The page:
MWS Breast Cancer
Note: Hormone therapy (HT) may also be referred to as hormone replacement therapy (HRT).
The Million Women Study (MWS) is a UK national observational study of women’s health, involving around one million women aged 50 and over presenting for breast screening. It aims to answer many outstanding questions about the factors affecting women’s health in this age group. The main focus of the study relates to the effects of hormone replacement therapy use.
In the Lancet, 9 August 2003 results were reported for a study of over one million UK women aged 50-64 years who had provided information about their use of hormone therapy (HT) prior to a screening mammogram and were followed up for cancer incidence and death.
The Million Women Study published in the Lancet
|Breast Cancer and hormone-replacement therapy in the Million Women Study
Lancet 2003; 362419-427
The study reports findings in relation to risk of breast cancer for women on combined oral therapy very similar to those of the WHI study in 2002 and 2003.
These findings provide further information about the risk of breast cancer with hormone therapies.
The authors of the Lancet study presented the following calculations:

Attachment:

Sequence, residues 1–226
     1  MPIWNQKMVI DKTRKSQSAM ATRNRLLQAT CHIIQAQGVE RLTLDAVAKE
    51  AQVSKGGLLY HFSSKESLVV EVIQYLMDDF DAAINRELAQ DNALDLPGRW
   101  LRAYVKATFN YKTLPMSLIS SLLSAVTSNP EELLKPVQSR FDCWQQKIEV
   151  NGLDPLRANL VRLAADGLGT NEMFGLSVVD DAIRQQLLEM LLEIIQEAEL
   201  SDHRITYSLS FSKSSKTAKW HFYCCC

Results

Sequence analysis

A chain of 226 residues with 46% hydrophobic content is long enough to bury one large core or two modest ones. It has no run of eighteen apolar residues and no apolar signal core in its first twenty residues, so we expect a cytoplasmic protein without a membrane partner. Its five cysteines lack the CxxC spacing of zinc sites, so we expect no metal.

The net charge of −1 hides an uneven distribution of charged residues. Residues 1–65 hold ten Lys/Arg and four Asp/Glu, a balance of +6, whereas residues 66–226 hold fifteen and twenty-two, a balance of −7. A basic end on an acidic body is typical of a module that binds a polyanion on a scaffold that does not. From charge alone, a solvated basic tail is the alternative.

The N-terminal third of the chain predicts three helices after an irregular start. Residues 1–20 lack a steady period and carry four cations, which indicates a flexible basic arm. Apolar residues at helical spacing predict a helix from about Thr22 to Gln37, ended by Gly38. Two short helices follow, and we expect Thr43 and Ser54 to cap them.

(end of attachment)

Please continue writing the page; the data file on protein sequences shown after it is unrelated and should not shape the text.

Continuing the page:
- For 1,000 women who go through menopause aged 50 and who do not take HT, 27 breast cancers would be expected to be diagnosed by the age of 55 years.
- If the 1000 women had five years of combined oral HT, a total of 34 breast cancers (an extra seven cancers) would be expected.
This is the first report of an increased risk of breast cancer for women taking oestrogen-alone (oral, skin patch or implant), progesterone or tibolone. It should be noted that there is evidence that tibolone was being prescribed preferentially to women in the UK considered at increased breast cancer risk.
The authors estimated that, if 1000 women took oestrogen alone for five years, there would be a total of 28.5 cases of breast cancer (an extra 1.5 cases per 1,000). It should be noted that in the WHI randomised controlled trial of oestrogen-alone, with its much stronger trail design, there was evidence for a decreased risk of breast cancer in the first five years of therapy.
An increase in risk, similar to that of oestrogen only was also observed for progesterone alone and tibolone.
In a previous publication, the authors themselves have urged people to be cautious in interpreting the findings from this study. This is because the design of the study is weaker than the WHI randomised trial so the conclusions are not as reliable.
The commentary accompanying the Lancet publication describes HT as preventive therapy. This is not the current recommended use of HT. Hormone therapy in Australia is prescribed for the management of symptoms that significantly impair a woman’s quality of life. Based on the findings of this study continued use for this purpose remains appropriate where the woman is fully informed about the associated risks.
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